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Underwater hockey team is more than a fun curiosity

EAST LANSING, Mich. – They’re singing and dancing, wearing Speedos and snorkels, strutting around Sparticipation with a line longer than any other booth. They’re quick to draw the eye and the interest, using flashy demeanor to stand out.

They are the Michigan State underwater hockey team, and they’re in search of rookies.

The club, founded in 2007, fields a co-ed roster with high hopes of returning to nationals in 2016.

“I love water, and I thought it was really cool when I saw it at Sparticipation,” said Karin Foss, a rookie from Troy, Michigan. “They were all in their little Speedos, and they just looked like really cool, fun people that love their sport.”

Foss isn’t alone when learning the sport for the first time. Only half the team has prior swimming experience, and the club attracts people of all athletic backgrounds.

“Every single new member is brand new to the sport,” said Dominique Felice, the club president. “It’s much quicker pace than everyone imagines. When people picture underwater hockey, they picture us in full pads, ice hockey gear, moving slowly on the bottom of the pool.”

In reality, it’s quite a high-paced sport..

The sport is played six verses six, with each player wearing a bathing suit, flippers and polo cap with a snorkel attached. A 12-inch plastic or wood stick is used to push a three-pound lead puck cased in plastic along the bottom of the pool. The goal resembles a metal trough, six feet in length and three inches in depth.

“MSU typically plays a three-three, which means three in the front and three in the back,” said Felice. “They’re spread out to the left side, the center and the right side of the pool. That way, you’re getting pretty even coverage of the playing field.”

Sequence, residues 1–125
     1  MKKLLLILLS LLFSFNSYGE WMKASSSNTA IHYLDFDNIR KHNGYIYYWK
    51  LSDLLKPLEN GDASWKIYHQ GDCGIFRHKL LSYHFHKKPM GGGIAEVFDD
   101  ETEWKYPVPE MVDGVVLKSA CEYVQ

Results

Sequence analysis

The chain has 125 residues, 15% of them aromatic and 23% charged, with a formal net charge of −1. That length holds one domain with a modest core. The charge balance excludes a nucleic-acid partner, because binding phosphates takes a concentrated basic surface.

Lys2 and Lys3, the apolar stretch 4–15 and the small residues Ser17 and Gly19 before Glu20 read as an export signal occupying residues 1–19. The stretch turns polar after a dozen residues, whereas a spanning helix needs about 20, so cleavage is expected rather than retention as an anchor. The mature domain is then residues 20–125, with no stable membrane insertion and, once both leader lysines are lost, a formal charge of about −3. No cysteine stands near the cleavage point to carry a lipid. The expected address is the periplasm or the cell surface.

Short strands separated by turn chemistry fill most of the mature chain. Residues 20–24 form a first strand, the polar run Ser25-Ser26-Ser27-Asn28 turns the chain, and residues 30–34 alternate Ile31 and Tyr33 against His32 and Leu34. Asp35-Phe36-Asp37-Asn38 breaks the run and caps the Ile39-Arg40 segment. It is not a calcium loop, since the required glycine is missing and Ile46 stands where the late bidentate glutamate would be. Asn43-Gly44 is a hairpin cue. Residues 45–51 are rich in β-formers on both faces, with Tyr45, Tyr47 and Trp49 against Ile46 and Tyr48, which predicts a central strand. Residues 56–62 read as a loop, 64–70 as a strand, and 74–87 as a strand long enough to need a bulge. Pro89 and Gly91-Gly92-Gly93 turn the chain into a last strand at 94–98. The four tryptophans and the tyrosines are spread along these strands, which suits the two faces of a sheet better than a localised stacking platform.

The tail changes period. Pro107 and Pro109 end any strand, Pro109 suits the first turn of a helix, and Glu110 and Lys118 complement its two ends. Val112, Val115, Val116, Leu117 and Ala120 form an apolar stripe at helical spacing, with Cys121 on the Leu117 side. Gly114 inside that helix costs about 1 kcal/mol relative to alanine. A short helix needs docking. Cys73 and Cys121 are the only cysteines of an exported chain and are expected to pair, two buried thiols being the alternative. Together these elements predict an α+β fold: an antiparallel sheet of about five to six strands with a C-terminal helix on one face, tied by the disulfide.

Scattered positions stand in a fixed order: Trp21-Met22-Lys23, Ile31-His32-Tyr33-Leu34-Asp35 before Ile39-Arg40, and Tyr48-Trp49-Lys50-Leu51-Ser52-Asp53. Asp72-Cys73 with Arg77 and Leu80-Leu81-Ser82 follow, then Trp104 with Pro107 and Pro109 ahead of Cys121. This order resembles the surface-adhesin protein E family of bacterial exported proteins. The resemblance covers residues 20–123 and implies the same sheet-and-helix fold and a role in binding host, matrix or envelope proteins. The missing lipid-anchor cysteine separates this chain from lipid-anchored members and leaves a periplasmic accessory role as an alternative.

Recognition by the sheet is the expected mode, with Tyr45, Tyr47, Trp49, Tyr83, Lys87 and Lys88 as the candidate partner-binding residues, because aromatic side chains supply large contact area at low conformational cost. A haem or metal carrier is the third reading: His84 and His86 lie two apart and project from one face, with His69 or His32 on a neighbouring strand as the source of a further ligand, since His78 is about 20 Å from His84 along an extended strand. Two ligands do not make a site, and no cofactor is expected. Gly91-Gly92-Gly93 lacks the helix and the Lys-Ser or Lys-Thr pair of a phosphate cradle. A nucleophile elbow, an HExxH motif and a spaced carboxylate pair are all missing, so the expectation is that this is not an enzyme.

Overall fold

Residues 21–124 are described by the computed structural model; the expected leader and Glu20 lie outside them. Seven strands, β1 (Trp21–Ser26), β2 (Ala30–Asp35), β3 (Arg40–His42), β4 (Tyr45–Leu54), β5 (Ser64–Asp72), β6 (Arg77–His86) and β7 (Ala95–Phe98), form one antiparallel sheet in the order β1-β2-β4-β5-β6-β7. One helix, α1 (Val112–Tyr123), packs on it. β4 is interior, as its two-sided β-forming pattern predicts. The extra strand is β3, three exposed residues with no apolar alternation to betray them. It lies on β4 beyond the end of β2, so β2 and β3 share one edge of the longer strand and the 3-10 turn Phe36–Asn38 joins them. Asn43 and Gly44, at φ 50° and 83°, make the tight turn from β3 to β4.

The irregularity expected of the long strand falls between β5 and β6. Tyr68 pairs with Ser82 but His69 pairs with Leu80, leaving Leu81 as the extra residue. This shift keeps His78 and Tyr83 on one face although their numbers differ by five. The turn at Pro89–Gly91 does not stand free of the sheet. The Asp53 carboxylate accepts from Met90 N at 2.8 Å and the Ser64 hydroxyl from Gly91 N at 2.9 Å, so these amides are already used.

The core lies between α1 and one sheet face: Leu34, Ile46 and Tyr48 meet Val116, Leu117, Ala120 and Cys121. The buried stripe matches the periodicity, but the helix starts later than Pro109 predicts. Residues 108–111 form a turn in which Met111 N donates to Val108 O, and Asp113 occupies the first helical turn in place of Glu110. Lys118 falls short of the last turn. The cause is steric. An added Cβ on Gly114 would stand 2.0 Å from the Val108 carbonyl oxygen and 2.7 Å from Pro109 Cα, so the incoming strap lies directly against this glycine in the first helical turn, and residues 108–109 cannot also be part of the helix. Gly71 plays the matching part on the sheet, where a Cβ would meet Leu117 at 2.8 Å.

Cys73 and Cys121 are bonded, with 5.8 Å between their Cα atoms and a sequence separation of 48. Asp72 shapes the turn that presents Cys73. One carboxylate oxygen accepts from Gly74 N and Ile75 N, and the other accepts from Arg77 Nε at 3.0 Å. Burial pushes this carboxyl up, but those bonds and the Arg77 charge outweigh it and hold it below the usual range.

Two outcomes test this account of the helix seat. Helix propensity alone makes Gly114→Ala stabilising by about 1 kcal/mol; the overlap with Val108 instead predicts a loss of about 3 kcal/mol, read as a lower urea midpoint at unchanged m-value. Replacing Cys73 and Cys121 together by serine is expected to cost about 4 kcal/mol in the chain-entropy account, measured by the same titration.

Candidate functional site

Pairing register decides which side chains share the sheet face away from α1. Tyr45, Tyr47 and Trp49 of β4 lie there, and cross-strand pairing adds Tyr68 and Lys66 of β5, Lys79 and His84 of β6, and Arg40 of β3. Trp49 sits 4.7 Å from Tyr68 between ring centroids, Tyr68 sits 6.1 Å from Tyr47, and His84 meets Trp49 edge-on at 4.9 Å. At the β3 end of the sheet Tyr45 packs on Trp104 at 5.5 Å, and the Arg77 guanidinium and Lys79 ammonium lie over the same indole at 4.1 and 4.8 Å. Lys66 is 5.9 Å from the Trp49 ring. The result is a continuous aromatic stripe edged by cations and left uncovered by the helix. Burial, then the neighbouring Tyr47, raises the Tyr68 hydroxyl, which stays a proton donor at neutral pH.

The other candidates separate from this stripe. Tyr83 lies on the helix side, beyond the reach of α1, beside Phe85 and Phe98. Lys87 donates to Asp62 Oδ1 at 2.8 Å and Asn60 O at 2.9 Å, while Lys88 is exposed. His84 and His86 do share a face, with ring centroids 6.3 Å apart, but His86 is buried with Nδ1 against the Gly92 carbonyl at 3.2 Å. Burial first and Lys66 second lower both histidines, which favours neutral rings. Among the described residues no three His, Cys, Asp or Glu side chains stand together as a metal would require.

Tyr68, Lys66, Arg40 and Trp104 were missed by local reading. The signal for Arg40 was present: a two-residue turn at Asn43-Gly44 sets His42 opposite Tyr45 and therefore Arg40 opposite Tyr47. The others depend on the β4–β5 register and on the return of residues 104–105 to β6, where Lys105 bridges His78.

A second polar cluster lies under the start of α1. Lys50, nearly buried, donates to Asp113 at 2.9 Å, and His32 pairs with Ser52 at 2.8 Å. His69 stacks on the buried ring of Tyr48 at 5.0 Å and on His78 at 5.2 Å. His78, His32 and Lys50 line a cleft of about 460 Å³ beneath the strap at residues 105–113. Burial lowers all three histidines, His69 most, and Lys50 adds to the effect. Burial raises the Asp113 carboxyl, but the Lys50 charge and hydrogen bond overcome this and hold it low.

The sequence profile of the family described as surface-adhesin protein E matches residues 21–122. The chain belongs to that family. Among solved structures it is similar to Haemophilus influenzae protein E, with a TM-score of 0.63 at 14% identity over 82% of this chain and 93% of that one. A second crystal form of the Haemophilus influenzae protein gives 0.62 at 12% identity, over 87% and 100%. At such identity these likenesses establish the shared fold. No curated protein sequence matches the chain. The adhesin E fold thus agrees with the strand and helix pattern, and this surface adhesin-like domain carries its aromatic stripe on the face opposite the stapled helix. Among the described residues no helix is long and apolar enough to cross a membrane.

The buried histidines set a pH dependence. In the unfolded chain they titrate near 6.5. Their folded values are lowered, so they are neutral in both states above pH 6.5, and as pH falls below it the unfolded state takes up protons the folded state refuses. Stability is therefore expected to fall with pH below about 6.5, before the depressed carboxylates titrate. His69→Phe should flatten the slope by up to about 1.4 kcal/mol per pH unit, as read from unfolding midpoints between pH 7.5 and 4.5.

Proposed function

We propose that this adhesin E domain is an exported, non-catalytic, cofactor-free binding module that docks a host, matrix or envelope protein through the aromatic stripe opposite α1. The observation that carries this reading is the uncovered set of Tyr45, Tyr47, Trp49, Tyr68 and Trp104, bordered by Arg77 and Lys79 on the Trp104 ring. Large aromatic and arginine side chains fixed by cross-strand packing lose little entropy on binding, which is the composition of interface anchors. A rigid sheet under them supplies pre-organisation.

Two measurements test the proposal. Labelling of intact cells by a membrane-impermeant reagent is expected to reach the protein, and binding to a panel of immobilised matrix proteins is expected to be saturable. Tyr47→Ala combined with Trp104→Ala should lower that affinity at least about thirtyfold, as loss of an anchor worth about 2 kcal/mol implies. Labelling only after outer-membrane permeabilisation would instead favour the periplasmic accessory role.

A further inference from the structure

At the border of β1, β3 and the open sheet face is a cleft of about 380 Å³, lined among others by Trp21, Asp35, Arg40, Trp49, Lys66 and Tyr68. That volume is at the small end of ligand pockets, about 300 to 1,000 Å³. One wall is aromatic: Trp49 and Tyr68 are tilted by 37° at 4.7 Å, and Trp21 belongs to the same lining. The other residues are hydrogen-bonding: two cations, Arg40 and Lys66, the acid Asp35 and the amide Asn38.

No one person coaches the team, and rookies rely heavily on returners and alumni to grasp technique.

“We are self-taught,” said Felice. “Our alumni, when they come back, act as coaches because they have more years of experience as teaching. Other than that, we don’t have a structured coach to teach us the techniques throughout the year.”

The team travels the country in pursuit of their sport, participating in tournaments from Chicago to Los Angeles and further south to the Florida Keys. The number of tournaments varies, depending on the year, and Felice says they rarely keep track of wins and losses.

“We participate in tournaments because it is a less-common sport,” said Felice. “We’re big on road trips and car pools. Typically we stay in hotels, but for places like George Mason University and the University of Illinois, we stay at their hockey house.”

The financial obligation is something the team is forced to overcome, doing what they can to keep costs down when traveling across the country.

“It’s 100 percent out of pocket,” said Felice. “We pay for stuff as it comes up, but trips usually range from $100 to $300, depending on travel situations. We understand that we’re all college kids, so we don’t force anyone to go to anything.”

A one-time $50 fee is the only required payment, used to rent out the IM Circle pool for practice on Tuesdays and Thursdays from 7:30-9 p.m.

The club is known for their high level of membership commitment, boasting about their opportunities in the coming school year.

“Usually, we have a huge influx of people, and then they all stop coming for whatever reason,” said Mallory Simon, club secretary. “This year, they’re all really into it, so it’s exciting.”

Twelve members will load their cars this weekend in pursuit of the first tournament of the 2015-16 school year hosted by George Mason University. Competition will be held from Oct. 9-11.

The team will strive for victories this year, yet it’s the out-of-the-pool relationships that form the strongest bonds within the club.

“I have such a strong sense of family here,” said Felice. “I’m always so excited to come back and see my family and have everyone around me again.”

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